Through the exchange of experiences and the presentation of project outputs and results, the forum contributed to climate adaptation and resilience in Central America, a region vulnerable to climate change.

Between 1970 and 2020, more than 70 per cent of disasters in this region were caused by hydrometeorological events; of these, 55 per cent were floods, 33 per cent were storms and hurricanes, 10 per cent were droughts, and 2 per cent were extreme temperature events.


On the occasion of World Climate Change Day, the Disaster Risk Management sector was part of the "Learning for Acting " initiative, a strategic alliance involving other institutions such as LatinClima, AECID's Cultural Centres, EUROCLIMA+, the Tropical Science Centre and the organisation Health Care Without Harm.

"Learning for Acting" made environmentally conscious actions, projects and activities visible throughout Latin America between September and October, including a photo contest in which more than 2,600 voters participated.

In October, the sector organised the "Sectoral Meeting on Disaster Risk Management" in Antigua, Guatemala, a space that facilitated the identification of the contributions and compliance with the Sendai Framework and where the importance of the latter for the reduction of the loss of human and economic lives as a direct result of disasters was addressed.

This meeting brought together technicians, experts and communicators in order to socialise success stories, expand knowledge, raise future challenges and learn about best practices that will allow them to continue working on the prevention and mitigation of the effects of droughts with a regional approach.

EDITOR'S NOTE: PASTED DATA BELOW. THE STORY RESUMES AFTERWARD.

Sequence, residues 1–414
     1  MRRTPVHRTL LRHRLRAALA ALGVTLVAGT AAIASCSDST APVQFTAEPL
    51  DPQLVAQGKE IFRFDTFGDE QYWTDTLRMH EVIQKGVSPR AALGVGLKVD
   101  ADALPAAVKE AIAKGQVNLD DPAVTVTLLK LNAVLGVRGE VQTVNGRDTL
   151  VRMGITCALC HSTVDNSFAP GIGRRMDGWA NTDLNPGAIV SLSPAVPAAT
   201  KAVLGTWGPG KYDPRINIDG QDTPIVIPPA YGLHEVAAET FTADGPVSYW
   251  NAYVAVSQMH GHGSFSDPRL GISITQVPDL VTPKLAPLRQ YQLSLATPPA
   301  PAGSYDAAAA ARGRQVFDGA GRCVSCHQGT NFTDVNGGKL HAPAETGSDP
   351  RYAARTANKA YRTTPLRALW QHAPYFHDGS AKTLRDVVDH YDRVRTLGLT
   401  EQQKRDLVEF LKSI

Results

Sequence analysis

As a result of this meeting, the systematisation of all the lessons learned was set in motion in order to strengthen knowledge management and generate contributions to other actors and projects that will be worked on in the future in relation to this sector.


Scenario of experiences, dialogues and empowerment

COP27 took place in November and the thematic day dedicated to this topic in the EUROCLIMA pavilion served as a stage for discussing disaster reduction with a focus on loss and damage assessment, as well as the importance of public policy decision-making based on scientific evidence. All this with a cross-cutting focus on the protection of human rights.

During a full day, experts from Ibero-America and political authorities from Latin America analysed various topics, including the accounting and study of climatic events and the positive impact of international cooperation of the countries of the region in the prevention of risks caused by disasters.